• Sells Pitchy– While a good overview of its many fine features, it seems to be showing them, rather than demonstrating how to put them to practical use.
  • Value– Useful for an overview of the binder (folders panel), editor (where the bulk of text is written, imported or copied, which can be easily spit vertically or horizontially), and inspector (where the index cards brief synopses [scenes, characters, locations, image cards] are created). Also gives a broad overview on the functional capacity of the software.

Online Course:

  • Brief Lessons– So far, in the past three days the lesson have been from 5-10 pages long and include many helpful screenshots so you can rest assured that you are progressing as expected.  The lessons and homework take me less than an hour or two to compete, although they are getting a little more in-depth now.  I am also starting to trash and redo lessons a second time just to make sure I have a clear understanding on how to easily do the work without guidance.
  • There is much practical application explained by Gwen as you go through the lesson plan and the plan is geared toward writing and researching for fiction.  I can really see where this tool would be most useful for someone writing a fantasy novel with many creative characters that have their own unique personalities, associated poems, and illustrations.  All of your character profiles, images, and sketches can be index carded and pinned to a corkboard for reference.  Also, for fiction writers, the Binder is categorized with headings and subheadings as your manuscript develops or requires editing and these are directly related to your editor and inspector where you do the work.  I know that may sound confusing, but trust me, with Gwen’s practical lessons, it is really quite a simple process.  As well as fiction writing, I can also see how this could be extremely useful to the non-fiction writer, maybe even more so.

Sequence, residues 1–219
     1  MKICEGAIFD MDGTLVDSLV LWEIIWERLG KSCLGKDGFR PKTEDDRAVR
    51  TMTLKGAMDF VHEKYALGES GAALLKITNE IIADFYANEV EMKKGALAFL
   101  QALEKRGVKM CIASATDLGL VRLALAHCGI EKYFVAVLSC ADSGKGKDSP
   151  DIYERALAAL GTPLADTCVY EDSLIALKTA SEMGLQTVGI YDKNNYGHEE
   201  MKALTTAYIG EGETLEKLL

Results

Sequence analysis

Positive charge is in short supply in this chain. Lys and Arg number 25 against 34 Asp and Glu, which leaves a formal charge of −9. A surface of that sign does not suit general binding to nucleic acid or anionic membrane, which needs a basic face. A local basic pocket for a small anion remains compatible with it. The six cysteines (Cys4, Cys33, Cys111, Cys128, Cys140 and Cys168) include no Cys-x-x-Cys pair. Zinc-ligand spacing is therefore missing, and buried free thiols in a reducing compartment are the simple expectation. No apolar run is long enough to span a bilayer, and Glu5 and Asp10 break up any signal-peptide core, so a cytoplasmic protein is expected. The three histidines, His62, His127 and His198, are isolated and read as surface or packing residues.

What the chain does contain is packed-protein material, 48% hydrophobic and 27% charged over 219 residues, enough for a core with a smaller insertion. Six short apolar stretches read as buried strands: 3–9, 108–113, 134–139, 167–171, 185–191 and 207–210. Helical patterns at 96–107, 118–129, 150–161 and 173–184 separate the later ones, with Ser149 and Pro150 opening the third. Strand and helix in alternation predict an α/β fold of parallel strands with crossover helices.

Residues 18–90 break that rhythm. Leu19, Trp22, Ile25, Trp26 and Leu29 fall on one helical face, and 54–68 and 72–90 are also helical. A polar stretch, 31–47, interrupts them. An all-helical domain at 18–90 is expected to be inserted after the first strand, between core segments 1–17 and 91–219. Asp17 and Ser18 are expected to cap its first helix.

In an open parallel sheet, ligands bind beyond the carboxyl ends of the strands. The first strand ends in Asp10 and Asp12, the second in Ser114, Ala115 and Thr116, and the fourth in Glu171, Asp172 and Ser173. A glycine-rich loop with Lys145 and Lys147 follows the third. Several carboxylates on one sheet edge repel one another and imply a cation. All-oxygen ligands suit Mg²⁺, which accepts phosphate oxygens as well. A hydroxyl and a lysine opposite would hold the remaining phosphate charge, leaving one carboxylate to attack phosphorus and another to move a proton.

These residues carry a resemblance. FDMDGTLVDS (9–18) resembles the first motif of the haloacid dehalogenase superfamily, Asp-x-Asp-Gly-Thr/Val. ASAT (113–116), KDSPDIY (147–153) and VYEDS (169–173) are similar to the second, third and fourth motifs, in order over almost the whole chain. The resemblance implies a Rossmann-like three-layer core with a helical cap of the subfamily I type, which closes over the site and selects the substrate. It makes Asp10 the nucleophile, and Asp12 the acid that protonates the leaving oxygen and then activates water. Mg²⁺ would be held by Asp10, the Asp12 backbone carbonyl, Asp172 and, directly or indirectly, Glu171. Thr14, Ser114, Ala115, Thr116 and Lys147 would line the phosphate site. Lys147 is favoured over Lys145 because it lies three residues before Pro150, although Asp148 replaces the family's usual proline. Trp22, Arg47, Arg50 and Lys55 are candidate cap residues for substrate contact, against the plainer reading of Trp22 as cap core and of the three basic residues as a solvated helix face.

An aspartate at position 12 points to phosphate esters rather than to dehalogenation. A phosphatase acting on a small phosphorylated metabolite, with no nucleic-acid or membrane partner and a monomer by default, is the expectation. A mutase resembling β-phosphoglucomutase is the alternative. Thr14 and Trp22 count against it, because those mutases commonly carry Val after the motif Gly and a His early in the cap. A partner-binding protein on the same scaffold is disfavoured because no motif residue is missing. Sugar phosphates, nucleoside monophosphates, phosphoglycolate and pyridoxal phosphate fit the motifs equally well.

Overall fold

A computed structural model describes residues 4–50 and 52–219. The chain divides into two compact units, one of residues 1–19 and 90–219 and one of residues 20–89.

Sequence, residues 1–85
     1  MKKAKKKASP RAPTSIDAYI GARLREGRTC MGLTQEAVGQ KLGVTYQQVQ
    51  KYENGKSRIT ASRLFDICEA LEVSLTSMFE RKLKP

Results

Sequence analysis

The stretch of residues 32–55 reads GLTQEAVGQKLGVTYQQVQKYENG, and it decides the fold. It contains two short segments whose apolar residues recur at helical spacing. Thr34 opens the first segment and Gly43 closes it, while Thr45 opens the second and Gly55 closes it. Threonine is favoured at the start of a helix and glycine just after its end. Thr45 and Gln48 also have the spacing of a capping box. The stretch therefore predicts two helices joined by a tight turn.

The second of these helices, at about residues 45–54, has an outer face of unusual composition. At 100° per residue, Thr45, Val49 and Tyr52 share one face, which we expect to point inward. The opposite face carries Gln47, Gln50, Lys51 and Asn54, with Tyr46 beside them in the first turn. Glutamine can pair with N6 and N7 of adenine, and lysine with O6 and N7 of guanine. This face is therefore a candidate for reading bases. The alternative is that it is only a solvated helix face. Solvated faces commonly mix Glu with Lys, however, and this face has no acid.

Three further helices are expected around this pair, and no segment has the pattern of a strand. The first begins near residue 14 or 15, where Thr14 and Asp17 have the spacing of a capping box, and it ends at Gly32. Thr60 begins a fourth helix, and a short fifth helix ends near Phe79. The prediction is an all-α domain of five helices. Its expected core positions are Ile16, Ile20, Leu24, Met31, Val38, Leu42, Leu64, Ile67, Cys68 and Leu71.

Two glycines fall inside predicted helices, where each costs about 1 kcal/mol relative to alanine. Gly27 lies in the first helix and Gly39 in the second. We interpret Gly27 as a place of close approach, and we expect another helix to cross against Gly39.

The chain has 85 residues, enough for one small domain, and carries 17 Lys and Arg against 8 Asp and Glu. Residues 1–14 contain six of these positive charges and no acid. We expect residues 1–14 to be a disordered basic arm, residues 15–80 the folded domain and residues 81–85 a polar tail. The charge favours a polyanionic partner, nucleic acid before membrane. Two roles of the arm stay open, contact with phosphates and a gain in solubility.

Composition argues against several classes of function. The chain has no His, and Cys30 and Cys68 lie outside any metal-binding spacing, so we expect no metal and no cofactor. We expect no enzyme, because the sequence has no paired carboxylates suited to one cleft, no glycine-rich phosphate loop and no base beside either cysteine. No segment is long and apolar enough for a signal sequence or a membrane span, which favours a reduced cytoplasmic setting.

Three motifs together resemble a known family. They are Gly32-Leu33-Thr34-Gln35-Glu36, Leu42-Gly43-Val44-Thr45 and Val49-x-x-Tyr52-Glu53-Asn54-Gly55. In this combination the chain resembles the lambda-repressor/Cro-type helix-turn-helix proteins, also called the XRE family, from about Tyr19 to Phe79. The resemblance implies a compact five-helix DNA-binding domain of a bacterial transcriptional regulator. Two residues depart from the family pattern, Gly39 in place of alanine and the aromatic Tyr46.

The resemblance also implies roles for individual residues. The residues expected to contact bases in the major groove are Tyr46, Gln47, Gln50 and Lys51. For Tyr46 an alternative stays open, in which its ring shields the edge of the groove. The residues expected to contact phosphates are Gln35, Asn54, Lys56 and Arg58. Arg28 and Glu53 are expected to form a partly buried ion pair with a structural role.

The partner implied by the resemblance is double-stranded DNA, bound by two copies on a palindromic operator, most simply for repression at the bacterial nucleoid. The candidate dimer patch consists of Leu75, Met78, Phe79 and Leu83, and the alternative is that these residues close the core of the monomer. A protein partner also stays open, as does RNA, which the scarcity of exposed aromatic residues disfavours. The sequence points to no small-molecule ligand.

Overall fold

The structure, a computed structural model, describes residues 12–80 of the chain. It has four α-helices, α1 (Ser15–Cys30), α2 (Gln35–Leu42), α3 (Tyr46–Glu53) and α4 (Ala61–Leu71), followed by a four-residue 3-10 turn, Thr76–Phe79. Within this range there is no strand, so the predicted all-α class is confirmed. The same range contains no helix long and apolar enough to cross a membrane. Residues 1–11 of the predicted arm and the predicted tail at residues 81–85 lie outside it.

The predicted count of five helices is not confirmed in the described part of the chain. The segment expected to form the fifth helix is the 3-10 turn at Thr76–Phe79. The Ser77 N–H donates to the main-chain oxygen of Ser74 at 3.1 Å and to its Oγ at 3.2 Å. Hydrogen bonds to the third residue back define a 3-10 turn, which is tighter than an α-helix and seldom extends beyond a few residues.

• Selling the learning process not the product- Gwen knows that you already have the product and want to know how to get the best use from it.  She is not trying to entice you to go from trial version to licensed ownership because her goal is to help you learn HOW to use it well.